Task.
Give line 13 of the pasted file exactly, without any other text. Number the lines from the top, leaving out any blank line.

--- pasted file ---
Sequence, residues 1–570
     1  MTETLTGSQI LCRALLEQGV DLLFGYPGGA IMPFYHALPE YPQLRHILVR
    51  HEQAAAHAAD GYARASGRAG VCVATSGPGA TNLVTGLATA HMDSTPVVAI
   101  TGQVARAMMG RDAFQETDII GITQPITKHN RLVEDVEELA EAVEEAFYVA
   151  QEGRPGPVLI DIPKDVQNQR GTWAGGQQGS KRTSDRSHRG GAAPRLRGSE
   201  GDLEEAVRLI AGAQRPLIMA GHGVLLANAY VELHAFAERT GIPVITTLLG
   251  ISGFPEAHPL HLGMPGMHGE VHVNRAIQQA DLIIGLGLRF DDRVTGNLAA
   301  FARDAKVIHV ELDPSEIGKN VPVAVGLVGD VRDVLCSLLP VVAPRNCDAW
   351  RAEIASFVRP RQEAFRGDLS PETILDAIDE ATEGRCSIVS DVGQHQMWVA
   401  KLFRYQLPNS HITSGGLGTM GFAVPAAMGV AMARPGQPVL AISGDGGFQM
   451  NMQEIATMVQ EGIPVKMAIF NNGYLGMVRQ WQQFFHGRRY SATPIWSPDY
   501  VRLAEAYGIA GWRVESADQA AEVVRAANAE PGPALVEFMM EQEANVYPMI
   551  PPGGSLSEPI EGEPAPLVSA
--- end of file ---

   551  PPGGSLSEPI EGEPAPLVSA